Hampshire College first U.S. university to divest from Israeli occupation

By Guest Columnist Feb 13, 2009

by Joyce Choi Won Li A professor told me once that power never likes to admit that it’s been forced to change. The grassroots efforts of organizing and activist groups have always had to take a proactive, defensive role in writing history, before it is written for us. The same seems true for my campus. Thirty-two years ago, Hampshire College became the first college or university in the United States to divest from its South African holdings for the nation’s apartheid policies. Yesterday, it also became the first to divest from Israel for its continued occupation of Palestine. Students for Justice in Palestine (SJP), the campus group that pushed for this move by the school’s Board of Trustees, released a statement:

"This landmark move is a direct result of a two-year intensive campaign by the campus group, Students for Justice in Palestine (SJP). The group pressured Hampshire College’s Board of Trustees to divest from six specific companies due to human rights concerns in occupied Palestine. Over 800 students, professors, and alumni have signed SJP’s "institutional statement" calling for the divestment"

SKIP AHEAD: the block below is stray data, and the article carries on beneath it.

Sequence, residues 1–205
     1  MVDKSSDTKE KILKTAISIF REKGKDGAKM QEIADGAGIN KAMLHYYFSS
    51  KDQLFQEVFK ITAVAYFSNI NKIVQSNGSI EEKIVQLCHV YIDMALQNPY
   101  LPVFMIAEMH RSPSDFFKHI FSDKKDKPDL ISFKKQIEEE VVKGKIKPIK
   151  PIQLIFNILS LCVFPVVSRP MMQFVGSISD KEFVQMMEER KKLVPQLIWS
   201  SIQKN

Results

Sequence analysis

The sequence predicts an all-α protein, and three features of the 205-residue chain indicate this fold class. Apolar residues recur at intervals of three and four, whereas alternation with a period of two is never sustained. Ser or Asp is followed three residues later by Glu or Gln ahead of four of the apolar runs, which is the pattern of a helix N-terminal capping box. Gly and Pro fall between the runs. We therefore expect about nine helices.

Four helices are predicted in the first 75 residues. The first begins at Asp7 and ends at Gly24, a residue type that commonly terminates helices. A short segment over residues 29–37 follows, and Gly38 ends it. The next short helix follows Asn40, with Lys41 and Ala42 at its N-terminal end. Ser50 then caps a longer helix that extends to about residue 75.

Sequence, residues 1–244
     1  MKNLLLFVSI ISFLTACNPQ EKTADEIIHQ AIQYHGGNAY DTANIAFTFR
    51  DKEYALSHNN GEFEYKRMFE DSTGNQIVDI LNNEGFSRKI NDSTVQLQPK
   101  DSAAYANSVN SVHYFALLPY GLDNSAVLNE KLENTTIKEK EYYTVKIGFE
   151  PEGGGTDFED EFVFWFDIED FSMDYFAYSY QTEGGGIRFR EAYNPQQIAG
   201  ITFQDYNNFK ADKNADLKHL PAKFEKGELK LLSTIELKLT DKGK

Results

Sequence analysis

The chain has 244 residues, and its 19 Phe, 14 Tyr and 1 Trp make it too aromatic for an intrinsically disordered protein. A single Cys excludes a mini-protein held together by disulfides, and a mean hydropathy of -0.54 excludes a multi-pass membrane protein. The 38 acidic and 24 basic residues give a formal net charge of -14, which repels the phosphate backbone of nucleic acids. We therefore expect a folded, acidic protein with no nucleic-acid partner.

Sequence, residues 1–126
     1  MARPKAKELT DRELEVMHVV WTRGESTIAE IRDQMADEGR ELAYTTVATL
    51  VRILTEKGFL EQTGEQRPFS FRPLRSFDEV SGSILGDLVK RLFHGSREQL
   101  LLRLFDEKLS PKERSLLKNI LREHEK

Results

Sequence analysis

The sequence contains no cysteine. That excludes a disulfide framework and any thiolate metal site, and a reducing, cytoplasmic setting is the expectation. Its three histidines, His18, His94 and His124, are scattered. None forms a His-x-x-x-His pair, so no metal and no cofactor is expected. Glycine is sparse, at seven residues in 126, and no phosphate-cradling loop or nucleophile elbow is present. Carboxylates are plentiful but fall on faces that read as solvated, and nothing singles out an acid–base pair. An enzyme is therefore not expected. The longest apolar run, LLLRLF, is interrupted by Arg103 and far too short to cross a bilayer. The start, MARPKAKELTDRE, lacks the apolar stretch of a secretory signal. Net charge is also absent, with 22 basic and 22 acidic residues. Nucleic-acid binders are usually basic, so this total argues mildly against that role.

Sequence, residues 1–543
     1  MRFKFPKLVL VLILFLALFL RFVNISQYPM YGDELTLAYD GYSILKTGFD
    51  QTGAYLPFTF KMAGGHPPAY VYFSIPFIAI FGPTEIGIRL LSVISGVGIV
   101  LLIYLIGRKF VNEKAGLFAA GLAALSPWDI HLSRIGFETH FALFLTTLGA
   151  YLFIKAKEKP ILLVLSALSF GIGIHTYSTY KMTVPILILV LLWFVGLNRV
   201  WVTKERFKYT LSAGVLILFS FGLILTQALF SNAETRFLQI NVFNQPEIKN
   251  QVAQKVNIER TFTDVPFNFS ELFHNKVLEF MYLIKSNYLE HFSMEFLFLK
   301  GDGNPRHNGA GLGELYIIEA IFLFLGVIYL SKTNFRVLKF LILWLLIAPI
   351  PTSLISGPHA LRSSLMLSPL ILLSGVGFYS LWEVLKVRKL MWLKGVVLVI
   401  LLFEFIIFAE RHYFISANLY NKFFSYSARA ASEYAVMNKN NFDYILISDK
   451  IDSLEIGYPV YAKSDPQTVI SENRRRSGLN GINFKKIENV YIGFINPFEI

According to the release, these efforts have drawn endorsements from Noam Chomsky, Cynthia McKinney, Howard Zinn, and many others. Late last night, the college also received support from Nobel Laureate Archibishop Desmond Tutu. However, hours after news broke, representatives of the school’s administration released an ambiguous statement, stressing that the trustees’ actions had nothing to do with any country in particular. This move by administrators suggests an effort to de-politicize radical organizing by students, faculty, and community allies, as well as rupture the bond of solidarity that SJP is obviously trying to forge. The group is responding to a direct call to action by the Palestinian Boycott, Divestment, and Sanctions (BDS) movement. This struggle over divestment and financial complicity also highlights the role of higher learning institutions as shareholders and participants in corporate-governmental alliances. We all know why power tries to distance itself from actual opinions; this is the game of diplomacy AND defense. But the voices of the people will continue to ring louder, and we should all listen when they do.